"Extended" means "advanced" -- the higher level version of the class. So naturally, it's a class that includes many, let's say, "intimately involved" parents. Which is good! Really. But there's a line between involved and overbearing. I have to watch where my toe's going. (I'm actually very pleasantly surprised about my daughter getting into the extended language arts class, as she had always been a stronger math mind. But math at her school is another beef for another day; I may find myself tutoring/supplementing on the weekend, so she's not bored.)
But all that to say, this is a class where the students are precocious, and some parents may be obnoxious. God bless 'em . . .
So, my daughter's teacher, Mrs. P., relayed a story to illustrate a point. She said when she first became pregnant, she didn't think, "I hope I have the next president" or "I hope I have the next Olympic gold-medal winner." She said, "I hope that he's healthy -- just that he's healthy." And then "if he ties his shoe, that's a bonus," and "if he graduates high school, that's a bonus." But just that he is, she said, "that's enough. He is enough just as he is, however he is." This is the point where I got a little verklempt.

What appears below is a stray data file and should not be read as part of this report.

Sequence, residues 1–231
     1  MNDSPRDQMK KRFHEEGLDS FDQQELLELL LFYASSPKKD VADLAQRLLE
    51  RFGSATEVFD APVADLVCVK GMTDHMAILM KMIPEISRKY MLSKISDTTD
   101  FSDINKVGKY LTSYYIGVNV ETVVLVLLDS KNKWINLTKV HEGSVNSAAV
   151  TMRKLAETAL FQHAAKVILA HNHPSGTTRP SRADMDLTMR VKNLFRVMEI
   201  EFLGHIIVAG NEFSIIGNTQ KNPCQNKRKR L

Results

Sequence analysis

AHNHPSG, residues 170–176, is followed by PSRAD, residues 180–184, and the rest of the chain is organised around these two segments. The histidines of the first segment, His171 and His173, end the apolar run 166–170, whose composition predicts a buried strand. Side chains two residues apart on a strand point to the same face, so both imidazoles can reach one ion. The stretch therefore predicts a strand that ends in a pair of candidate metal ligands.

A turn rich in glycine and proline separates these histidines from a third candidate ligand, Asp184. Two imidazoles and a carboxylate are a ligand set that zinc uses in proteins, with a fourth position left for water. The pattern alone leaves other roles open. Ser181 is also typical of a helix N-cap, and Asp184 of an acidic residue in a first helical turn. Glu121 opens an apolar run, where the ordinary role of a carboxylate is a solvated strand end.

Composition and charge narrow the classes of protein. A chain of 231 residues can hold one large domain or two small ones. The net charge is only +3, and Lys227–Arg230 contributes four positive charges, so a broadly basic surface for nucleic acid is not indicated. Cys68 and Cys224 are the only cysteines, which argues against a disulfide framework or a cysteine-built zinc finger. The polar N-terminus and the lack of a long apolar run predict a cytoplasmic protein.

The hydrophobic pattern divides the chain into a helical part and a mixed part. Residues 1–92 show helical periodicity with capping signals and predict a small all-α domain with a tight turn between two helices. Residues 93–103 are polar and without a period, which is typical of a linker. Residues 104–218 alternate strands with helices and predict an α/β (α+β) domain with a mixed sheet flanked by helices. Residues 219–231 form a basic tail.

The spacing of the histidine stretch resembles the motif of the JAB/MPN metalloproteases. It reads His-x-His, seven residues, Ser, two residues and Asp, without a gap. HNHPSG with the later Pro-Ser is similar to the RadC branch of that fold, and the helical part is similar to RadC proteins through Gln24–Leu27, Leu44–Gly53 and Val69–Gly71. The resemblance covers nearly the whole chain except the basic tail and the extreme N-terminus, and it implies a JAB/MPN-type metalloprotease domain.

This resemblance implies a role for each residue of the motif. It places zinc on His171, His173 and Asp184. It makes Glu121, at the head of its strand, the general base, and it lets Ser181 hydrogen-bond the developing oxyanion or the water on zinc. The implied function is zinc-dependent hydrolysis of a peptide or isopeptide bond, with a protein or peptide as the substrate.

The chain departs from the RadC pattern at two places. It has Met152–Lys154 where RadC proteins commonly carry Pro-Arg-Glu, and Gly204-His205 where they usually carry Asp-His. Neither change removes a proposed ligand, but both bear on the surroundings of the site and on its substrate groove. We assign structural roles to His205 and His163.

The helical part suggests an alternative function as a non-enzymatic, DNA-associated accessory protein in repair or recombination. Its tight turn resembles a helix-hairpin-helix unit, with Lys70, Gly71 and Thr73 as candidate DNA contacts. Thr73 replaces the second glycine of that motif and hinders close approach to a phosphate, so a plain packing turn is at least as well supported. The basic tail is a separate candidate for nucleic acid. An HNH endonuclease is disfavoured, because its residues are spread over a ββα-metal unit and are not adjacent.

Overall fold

She noted how she came from Fairfax County, Va., where if you didn't letter/pin in three sports and get nothing but A's, you weren't doing something right; you weren't enough. Meanwhile her mom always let her know she was enough; she loved her as she was, and it made all the difference in Mrs. P's life. She said that she knew the types of students in this class pushed themselves hard. "If they miss a homework assignment, they're in tears," she said. "They don't know if it will be all right."
Mrs. P. then looked at the parents and respectfully asked us always "to let them know that they're enough," no matter what. Wise words.